What New in the EU: Versace rip-off loses trademark

The Israeli Intellectual Property Adjudicator ordered the removal from the register of five registrations relating to the trademark of Versace.

eu flag biz 88 (photo credit: )
eu flag biz 88
(photo credit: )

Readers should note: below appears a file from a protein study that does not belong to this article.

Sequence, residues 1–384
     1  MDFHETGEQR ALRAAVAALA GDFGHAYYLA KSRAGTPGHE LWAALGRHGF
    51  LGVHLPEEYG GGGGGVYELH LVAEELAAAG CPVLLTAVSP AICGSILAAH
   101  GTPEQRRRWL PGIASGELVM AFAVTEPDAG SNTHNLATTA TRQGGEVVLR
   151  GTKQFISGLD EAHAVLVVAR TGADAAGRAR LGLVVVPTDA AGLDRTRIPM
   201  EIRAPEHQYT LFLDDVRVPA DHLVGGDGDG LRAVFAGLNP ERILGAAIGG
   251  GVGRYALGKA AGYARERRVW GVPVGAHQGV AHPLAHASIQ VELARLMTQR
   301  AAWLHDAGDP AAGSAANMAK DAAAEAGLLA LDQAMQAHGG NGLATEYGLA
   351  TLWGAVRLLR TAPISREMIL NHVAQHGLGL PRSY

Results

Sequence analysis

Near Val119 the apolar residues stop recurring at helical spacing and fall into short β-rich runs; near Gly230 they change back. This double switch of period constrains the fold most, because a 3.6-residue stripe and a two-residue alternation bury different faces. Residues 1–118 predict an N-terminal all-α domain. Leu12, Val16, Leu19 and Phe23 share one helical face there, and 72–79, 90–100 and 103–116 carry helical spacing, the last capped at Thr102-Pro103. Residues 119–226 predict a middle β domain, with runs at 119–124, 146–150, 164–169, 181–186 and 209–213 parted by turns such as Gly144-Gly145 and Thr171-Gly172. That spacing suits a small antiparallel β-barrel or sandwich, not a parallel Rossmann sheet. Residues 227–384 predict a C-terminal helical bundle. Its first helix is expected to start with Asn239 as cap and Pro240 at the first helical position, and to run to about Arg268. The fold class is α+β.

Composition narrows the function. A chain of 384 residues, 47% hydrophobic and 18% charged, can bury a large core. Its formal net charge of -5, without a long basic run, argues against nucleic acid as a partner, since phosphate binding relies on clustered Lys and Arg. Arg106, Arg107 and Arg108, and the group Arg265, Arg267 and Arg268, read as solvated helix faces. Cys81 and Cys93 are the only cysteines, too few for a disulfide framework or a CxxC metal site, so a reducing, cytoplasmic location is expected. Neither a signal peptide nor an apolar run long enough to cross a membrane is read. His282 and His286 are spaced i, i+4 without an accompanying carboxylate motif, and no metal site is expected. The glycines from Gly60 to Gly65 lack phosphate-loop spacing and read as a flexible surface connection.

On Sunday, the Israeli Intellectual Property Adjudicator Noah Shalev Shlomovitz ordered the removal from the register of five registrations relating to the trademark of Versace in various forms including Hebrew versions of the mark. The registrations, belonging to the Versace 83 company, were almost 20 years old. The Israeli owner of Versace 83, Tzadik Pur Bros. obtained the registrations at the time after the well-known Italian fashion house Gianni Versace S.p.A. withdrew its opposition. Since 2000, following the expansion of the Israeli "VERSACE" chain and the opening of many branches in prime locations, Gianni Versace S.p.A. took various actions in order to stop the commercial use of the mark and cancel the registrations obtained at the time by the Israeli company. According to Versace lawyer Zvi Chowers, the misuse of the Versace label was used to "confuse consumers regarding the source of their products, which were sold at the stores operated by them." Shlomovitz applied the provision of the Israeli Trade Marks Ordinance which states that "application for removal of a trademark on the grounds that the application for registration of the mark was filed in bad faith may be filed at any time" and held that it is also applicable regarding registrations obtained more than five years before the amendment was introduced and thus rejected the owners argument that the application should be rejected on grounds of limitation. It has been further held that even if such an argument would have been accepted, the registrations would have been removed on grounds of fraud according to existing precedents. The owner's res judicata argument in view of the withdrawal of the oppositions at the time has also been rejected and so was its "waiver" argument. Shlomovitz concluded that the owner of the removed registrations chose the marks in bad faith and with the intent to look like the Italian company, and that it used the marks in a manner that misled the public. Accordingly, it was held that the owner's bad faith prevented it from finding shelter under limitation arguments, and that in any event the Italian company is entitled to prevent others from using its name as well as its founder's name. In light of this groundbreaking decision, here is a refresher on trademark law as it applies in the European Union. A trademark is any sign which serves in business to distinguish the goods and services of one undertaking from those of other undertakings and over which the owner has an exclusive right. The trademark of a product or service can be synonymous with the branding and image of a company and can become an asset with monetary value. The difference between a design and a trademark is in the essential function that they perform. A design is essentially intended to determine the shape of a product (mostly, to decorate a product). A trademark is also applied to the product. The main function of a trademark is to identify a particular trade origin in connection with specific goods and services. In the European Union, trademarks are protected by the Community Trade Mark (CTM). The CTM system consists of one single registration procedure which grants to its owner an exclusive right in the 27 Member States of the European Union. Business enterprises are free to file national trademark applications, a CTM application, or both. It is entirely up to applicants and proprietors of trademarks whether they want to rely exclusively, or in addition to national trademark rights, on the CTM protection. However, earlier national trademarks constitute earlier rights against a CTM, and vice versa. The Trade Mark Office does not examine such earlier rights; only the proprietor of the earlier right can raise this issue, either by filing an opposition within 3 months of the publication of the CTM application, or following the registration of the CTM by filing an application for a declaration of invalidity on relative grounds. A CTM is obtained by registration. However, the CTM application entitles the applicant to file oppositions against subsequent trademark applications which may be identical or similar to his trademark for identical or related goods and services. A CTM application may be transferred, subject to rights in rem, levied in execution, involved in insolvency proceedings and licensed, among other possibilities. syrquin@013.net The author is the head of the International Department at GSCB Law Firm